04th Feb2014

‘Scavengers’ Blu-ray Review

by Phil Wheat

Stars: John Lee Ames, Roark Critchlow, Brett Curtze, Sean Patrick Flanery, Jennifer Jalene, Louise Linton, Jeremy London, J.J. Nolan, Tyler Poelle, Russell Richardson, Kaitlin Riley | Written and Directed by Travis Zariwny


Scavengers follows the crew of the Starship Revelator, who survive in the dark depths of space by keeping out of trouble, until they stumble across the mechanics of ultimate destruction and cross paths with a rival ship, and an old enemy, who also has it in their sights, and they will stop at nothing to master a power that could destroy the universe. The fight for the future is on – a battle against oblivion. To the victor goes untold power; to the vanquished, death, devastation and the cold dark emptiness of space…

The first release from the UK arm of Image Entertainment, Scavengers is also the debut feature for writer/director Travis Zariwny – a name you may not immediately recognise but he is someone who has paid dues working as a production designer on films such as Behind the Mask: The Rise of Leslie Vernon, Chillerama, Hatchet III and Adam Green’s fan-favourite TV show Holliston. And it’s safe to say that it is this background in production design on a number of low-budget flicks that has stood Zariwny in incredibly good stead – Scavengers looks amazing, with some superb set design and a fantastic blend of CGI and model work – its just a shame that when the CG-heavy scenes come into play the film looks like a lost episode of 90s sci-fi show Space: Above and Beyond.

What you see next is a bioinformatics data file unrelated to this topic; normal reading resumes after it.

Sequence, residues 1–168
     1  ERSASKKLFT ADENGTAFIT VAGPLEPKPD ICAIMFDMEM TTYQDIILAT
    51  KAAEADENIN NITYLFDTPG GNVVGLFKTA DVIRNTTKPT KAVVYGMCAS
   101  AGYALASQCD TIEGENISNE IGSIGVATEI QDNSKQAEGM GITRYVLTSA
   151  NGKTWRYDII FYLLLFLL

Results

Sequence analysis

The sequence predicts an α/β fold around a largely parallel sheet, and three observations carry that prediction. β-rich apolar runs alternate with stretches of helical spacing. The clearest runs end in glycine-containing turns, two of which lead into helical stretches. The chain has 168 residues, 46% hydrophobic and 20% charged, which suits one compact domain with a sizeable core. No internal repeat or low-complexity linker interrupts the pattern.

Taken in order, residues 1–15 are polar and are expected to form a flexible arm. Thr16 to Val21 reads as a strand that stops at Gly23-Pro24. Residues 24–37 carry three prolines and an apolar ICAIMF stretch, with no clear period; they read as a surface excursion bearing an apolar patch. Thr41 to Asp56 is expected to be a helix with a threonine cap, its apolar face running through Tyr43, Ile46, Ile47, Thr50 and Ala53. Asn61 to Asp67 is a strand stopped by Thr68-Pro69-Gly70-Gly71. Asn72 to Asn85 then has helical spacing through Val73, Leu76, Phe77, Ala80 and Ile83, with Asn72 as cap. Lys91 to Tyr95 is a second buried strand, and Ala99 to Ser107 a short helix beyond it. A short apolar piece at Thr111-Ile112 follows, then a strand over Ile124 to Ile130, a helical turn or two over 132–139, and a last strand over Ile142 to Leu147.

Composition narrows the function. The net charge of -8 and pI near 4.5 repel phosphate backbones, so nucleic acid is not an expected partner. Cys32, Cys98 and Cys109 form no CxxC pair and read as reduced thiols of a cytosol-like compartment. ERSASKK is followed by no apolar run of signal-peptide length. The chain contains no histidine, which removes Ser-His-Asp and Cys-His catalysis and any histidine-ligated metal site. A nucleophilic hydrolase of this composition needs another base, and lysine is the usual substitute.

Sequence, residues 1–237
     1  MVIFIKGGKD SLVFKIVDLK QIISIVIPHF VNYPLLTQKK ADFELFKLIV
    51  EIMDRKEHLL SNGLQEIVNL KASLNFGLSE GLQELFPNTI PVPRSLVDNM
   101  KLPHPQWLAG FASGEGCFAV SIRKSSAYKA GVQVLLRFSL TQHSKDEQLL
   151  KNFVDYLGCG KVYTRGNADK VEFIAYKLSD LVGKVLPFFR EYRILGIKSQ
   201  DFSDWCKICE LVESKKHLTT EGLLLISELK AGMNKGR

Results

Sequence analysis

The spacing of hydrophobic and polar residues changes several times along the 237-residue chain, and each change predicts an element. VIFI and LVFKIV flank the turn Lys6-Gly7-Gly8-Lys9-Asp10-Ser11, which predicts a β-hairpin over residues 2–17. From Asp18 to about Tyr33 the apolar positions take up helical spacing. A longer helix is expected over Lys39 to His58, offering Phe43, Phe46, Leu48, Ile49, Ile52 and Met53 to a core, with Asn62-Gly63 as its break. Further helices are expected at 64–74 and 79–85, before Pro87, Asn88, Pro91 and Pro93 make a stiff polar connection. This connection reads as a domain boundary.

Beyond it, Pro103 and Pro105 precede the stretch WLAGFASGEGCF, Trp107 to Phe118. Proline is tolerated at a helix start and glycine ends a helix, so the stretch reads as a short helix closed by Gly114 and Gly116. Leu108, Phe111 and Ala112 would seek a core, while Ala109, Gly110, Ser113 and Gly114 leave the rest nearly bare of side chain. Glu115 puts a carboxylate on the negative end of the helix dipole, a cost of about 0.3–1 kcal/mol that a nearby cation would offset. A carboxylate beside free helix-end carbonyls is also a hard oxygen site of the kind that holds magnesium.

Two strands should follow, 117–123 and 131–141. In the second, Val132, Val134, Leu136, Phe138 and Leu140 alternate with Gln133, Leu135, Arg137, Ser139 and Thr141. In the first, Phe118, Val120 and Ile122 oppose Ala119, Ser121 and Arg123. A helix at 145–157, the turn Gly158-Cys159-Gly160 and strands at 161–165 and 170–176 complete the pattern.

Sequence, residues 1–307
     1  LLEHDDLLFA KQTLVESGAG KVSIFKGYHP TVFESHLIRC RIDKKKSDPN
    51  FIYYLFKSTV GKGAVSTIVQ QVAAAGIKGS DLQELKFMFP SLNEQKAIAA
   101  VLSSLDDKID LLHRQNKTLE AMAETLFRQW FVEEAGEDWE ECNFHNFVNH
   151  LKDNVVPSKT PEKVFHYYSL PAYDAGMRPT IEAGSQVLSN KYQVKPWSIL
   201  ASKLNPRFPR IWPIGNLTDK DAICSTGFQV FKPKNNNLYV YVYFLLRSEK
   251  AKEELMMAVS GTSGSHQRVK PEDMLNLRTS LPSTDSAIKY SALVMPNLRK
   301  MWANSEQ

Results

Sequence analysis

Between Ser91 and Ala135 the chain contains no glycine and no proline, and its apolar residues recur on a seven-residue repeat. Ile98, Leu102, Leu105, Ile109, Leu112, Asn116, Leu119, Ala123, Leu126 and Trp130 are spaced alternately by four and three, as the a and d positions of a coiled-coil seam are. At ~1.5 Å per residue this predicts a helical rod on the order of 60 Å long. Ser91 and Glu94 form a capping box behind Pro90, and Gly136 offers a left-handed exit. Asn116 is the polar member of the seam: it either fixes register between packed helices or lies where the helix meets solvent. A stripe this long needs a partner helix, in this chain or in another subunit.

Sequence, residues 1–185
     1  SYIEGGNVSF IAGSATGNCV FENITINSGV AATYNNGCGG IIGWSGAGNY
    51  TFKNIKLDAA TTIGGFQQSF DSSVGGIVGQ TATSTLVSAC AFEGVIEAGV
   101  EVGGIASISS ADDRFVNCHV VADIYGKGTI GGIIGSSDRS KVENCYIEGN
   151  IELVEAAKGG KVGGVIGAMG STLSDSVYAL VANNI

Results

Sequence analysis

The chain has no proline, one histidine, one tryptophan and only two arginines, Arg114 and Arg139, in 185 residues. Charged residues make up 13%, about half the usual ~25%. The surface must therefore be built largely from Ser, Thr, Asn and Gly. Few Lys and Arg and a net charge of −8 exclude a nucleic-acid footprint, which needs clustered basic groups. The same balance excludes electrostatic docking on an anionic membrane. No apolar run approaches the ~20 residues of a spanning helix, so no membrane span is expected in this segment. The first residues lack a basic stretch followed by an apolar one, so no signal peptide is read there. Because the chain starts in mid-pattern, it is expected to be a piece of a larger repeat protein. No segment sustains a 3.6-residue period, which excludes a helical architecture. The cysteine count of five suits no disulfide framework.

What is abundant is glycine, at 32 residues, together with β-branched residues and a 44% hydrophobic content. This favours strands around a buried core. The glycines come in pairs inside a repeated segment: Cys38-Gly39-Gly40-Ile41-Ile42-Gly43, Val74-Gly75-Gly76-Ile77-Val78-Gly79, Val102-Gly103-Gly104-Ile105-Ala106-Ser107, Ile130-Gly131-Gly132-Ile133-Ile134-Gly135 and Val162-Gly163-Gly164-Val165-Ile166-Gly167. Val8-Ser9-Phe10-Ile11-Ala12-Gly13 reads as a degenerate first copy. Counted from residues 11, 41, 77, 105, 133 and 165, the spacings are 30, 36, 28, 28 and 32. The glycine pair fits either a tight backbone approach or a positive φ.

And that’s the one think you can definitely say about Scavengers – it really does feel like a product of the 1990s. And not necessarily in a good way. You often get movies that have vibes of a different era – but in this case it literally looks like this film has been left on the shelf for a couple of decades and revived for the DVD market. Seriously, Scavengers wouldn’t have look out of place as a possible TV movie-come-pilot for a Syfy channel series back in 1993 but two decades later and it just feels incredibly dated.

Being dated isn’t, sadly, the only thing working against the film. The biggest problem is the script. I get that the script was constrained by the budget but then aren’t all low-budget movies hampered in the same way? Yet plenty of other low-budget sci-fi flicks still manage to create an air of excitement or awe. Scavengers spend most of its time explaining the minutiae of what’s happening, all wrapped in some of the heaviest techo-gargon I’ve heard in a looong time. Oh, that doesn’t apply to Sean Patrick Flanery’s evil space Captain though – no, instead we get some of the campest, most over-the-top, scenery-chewing delivered dialogue in the history of sci-fi movies and his Alabama-accented performance rivals the ridiculous villainy of Flash Gordon‘s Ming the Merciless – and I’m sure this is not a film that was intended to be taken anything other than seriously.

It also doesn’t help that Scavengers is essentially a “chase the macguffin” film, with no real sense of urgency there either! Never has the phrase “all style, no substance” been so apt – a really good-looking movie with a mundane story, bad dialogue and no thrills is not my idea of great night in sadly.

Scavengers is out now on DVD and Blu-ray from Image Entertainment.


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